There is plenty of speculation around "Do-It-Yourself" (DIY) termite control. You might ask yourself, "Do DIY products and treatments work? Do I really need a termite warranty for my house? How do I ensure my home is protected long-term against termites?" These are all common questions homeowners have when faced with an infestation or deciding what can be done to prevent one.
The truth is there is no simple solution for termites. Factors such as the type of termite you have, your home's layout, foundation type, building materials, climate, and conditions in and around your home all play an important role when determining the best treatment method to pursue.
Fighting termites successfully takes a unique understanding of termite behavior, biology, home construction, and conditions in the home that are conducive to termite infestation. Termite control professionals receive extensive training, on-going continuous education and must be licensed in the state where they are performing the service.
DIY methods may seem like a cost-effective option; however, damage caused to homes from ineffective treatment can cost homeowners thousands and is not covered under most homeowners’ insurance policies. It takes extensive knowledge, specialized equipment, and up-to-date product knowledge on the homeowner’s parto treat termites successfully.
Another good reason to leave termite control to the pros is the warranty. Most professional termite control companies provide additional protection through a warranty protecting your home from future damage and covering the cost of treatment should termites return. Think of your termite warranty as your "insurance policy" against termites. Understanding what's covered under your warranty is critical, as not all termite warranties are created equal. Before trying to treat your home for termites on your own, talk to a Truly Nolen termite professional. Our termite inspections are usually free, and we can help you determine the scope of your termite problem. Truly Nolen is proud to offer a comprehensive termite warranty that covers all types of termites and up to $1 million in damage caused by termites to your home.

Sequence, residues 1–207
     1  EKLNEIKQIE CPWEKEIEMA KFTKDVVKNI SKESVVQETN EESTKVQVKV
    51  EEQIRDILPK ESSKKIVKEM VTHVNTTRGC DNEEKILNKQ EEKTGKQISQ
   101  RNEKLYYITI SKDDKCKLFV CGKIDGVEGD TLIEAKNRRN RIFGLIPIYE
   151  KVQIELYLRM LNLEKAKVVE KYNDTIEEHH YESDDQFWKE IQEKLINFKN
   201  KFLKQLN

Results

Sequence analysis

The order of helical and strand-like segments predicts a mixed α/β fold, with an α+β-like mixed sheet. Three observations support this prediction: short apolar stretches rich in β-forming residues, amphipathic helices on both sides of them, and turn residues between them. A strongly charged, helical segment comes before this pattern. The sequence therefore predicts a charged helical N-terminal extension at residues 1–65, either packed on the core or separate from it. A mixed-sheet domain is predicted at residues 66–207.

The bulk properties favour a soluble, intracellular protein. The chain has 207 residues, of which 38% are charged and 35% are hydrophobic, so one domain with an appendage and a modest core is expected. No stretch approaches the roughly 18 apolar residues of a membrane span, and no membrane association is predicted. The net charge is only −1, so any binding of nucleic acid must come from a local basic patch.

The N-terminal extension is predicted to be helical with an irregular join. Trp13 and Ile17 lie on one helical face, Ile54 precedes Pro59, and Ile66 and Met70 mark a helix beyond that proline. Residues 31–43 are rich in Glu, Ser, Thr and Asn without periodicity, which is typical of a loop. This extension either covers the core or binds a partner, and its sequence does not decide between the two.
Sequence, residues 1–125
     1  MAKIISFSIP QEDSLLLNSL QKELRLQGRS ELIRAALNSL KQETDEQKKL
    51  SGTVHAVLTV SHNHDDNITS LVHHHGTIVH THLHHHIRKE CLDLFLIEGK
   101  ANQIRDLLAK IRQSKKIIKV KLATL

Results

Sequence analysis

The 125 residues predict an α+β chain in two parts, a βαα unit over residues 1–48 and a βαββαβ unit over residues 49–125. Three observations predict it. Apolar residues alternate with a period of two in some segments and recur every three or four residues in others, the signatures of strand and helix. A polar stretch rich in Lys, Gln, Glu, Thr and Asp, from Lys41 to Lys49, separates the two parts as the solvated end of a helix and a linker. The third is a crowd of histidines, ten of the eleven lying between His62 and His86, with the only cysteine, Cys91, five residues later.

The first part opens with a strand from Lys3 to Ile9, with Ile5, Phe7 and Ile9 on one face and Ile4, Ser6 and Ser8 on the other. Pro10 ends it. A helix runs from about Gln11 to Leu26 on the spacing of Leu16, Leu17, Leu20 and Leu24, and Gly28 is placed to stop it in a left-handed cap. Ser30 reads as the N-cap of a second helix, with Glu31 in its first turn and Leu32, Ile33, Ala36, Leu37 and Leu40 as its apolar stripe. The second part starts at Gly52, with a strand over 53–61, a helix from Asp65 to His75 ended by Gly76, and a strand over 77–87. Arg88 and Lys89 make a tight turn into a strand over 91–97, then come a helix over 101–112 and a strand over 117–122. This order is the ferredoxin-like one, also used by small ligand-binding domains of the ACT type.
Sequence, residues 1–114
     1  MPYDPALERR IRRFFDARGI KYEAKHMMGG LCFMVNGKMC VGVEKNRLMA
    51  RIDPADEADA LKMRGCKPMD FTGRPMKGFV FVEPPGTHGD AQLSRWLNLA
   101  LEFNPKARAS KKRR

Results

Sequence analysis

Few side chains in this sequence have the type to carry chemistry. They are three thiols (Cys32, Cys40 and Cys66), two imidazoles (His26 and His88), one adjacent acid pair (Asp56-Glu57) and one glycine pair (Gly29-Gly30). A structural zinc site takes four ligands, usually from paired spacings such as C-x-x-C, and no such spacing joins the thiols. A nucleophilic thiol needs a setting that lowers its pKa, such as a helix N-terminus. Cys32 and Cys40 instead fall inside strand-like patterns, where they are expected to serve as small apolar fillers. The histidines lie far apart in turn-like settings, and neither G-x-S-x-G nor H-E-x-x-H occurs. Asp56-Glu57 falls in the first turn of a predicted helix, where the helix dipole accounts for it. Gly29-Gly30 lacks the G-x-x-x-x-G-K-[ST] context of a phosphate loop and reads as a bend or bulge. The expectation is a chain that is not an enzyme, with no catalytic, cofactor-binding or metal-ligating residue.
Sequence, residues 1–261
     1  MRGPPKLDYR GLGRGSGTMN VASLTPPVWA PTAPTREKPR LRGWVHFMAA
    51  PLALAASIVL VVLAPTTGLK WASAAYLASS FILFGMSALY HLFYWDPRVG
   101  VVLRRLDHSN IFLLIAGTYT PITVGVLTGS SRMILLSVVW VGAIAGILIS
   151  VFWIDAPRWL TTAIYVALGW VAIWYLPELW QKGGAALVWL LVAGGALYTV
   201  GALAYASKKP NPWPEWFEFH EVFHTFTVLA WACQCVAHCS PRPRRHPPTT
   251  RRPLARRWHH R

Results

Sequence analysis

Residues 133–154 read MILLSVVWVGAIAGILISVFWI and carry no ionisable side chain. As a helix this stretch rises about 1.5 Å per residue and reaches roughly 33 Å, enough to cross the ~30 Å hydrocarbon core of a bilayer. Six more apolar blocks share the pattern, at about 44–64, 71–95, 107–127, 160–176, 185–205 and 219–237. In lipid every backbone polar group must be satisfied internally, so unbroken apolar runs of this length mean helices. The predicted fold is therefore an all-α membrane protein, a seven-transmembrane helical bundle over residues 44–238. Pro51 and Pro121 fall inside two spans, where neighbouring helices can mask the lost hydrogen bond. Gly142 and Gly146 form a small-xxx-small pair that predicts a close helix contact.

There are several types of termite treatment options homeowners can use to treat termites. In general, they typically do not do enough to address the full scope of any termite problem. These common DIY treatments are typically applied as "spot treatments" and do not provide comprehensive protection against termites given their limited long-term residual protection. In addition, there is no DIY method or off-the-shelf product purchased at a home improvement store that includes a warranty or will guarantee your home will remain protected against future infestations.
When industries use oranges to create consumer goods, the acid from the rind is either mechanically or chemically extracted, producing a naturally-occurring oil called d-Limonene, "orange oil." Orange oil is found in various cleaning products, detergents, shampoos, and mild insecticides. Although it is typically viewed as an "eco-friendly" alternative, orange oil treatments only last a few days after application and lack any long-term residual effects found in other types of treatments. In order to be effective, orange oil treatments must reach every termite in the colony. Given that most homeowners can't reach, or even see, all active members of the colony, not only is re-infestation likely, but the termites just avoid the area that was treated and infest the areas where treatments were not applied.